Rockwell Automation is offering the Safebook 3 - Safety related control systems for machinery, covering principles, standards and implementation (this version was fist published in February 2009). [Review by Jon Severn, Editor, MachineBuilding.net.]
Safebook 3 is written for machine builders, system integrators and specifiers operating in the European and North American markets, as it discusses not only EU Directives (such as the Machinery Directive and the Use of Work Equipment Directive) but also US and Canadian Regulations.
A separate section covers standards, including International (ISO and IEC), European Harmonised (EN), US (OSHA, ANSI and NFPA), Canadian (CSA) and Australian standards (which are mostly aligned with International and European standards).
A useful chapter within Safebook 3 is that devoted to Safety strategy. This explains how risk assessment and risk reduction interrelate, and presents a risk assessment methodology. At the end of this section there is a list of standards for risk assessments on machinery (eg ISO 14121, ANSI B11.TR3 and AS 4024.1301-2006).
Protective measures and complementary equipment are covered in the next chapter, with references to applicable standards where relevant - such as in relation to the size of openings in machine guards. This is an extensive section within Safebook 3 in order to address all the different types of safety measures and complementary equipment available. However, there is no list of applicable standards as there is for the risk assessment section.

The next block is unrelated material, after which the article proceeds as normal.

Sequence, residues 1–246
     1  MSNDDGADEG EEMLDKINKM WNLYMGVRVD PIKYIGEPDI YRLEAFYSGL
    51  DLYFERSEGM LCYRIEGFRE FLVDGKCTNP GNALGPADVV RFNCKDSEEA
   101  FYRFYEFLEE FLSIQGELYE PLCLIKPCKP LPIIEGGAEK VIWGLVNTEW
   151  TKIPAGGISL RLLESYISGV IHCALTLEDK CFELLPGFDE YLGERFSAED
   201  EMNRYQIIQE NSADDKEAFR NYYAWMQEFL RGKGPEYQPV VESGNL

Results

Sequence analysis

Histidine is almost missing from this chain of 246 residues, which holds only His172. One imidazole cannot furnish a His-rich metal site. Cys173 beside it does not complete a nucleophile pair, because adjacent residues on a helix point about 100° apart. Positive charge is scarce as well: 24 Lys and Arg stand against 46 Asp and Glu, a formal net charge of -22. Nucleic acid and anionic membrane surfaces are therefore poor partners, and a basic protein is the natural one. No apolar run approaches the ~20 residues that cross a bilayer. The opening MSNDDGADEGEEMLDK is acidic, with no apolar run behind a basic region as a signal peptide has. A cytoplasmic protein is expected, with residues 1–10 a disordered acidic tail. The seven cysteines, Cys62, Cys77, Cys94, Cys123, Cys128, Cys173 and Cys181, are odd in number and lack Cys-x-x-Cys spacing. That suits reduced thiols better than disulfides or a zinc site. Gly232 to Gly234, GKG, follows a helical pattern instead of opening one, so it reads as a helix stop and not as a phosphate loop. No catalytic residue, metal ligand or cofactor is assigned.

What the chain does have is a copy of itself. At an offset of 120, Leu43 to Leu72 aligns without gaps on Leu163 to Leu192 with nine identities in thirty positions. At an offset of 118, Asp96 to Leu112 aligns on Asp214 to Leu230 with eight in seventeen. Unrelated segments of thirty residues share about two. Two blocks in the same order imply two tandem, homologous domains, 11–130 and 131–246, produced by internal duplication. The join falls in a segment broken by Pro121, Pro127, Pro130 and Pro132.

Safety distances and the calculation thereof are covered in Chapter 5. Care must be taken when reading this chapter because of the differences between the International/European standards and those encountered in the USA/Canada. Note also that Safebook 3 only refers to ISO 13855 and EN 999, not the more recent EN ISO 13857.
Safety-related control systems
A major section of the book, Chapter 7, considers the structure of safety-related control systems. This discusses categories (as in EN 954-1 and ISO 13849-1) in some detail, illustrated with block diagrams and circuit diagrams.
The next chapter introduces functional safety of control systems, though there is a cautionary note to the effect that the standards are relatively new and changes are likely, so the information in Safebook 3 cannot be assumed to be up to date.
Following on, the next two chapters address system design in accordance with IEC/EN 62061 and ISO 13849-1, respectively. These both include a fair degree of detail, culminating in a double-page table listing MTTFd (mean time to dangerous failure) for each channel and the corresponding average probability of a dangerous failure per hour (PFHD) and Performance Level (PL).
Overall the Safebook 3 contains plenty of information and helpful illustrations. Clearly it has been written from an international perspective, which can hinder clarity for readers who are only interested in one market (the USA or Europe, for example), and, in common with other books published on the subject of standards and directives, it feels as if it is not quite up to date (for example, the chapter on Regulations still refers to Machinery Directive 98/37/EC, which was superseded by 2006/42/EC on 29 December 2009). However, it is a useful work and definitely worth requesting from Rockwell Automation.
For copies of the free Safebook 3 - Safety related control systems for machinery, go to the Rockwell Automation Safety Solutions Portal.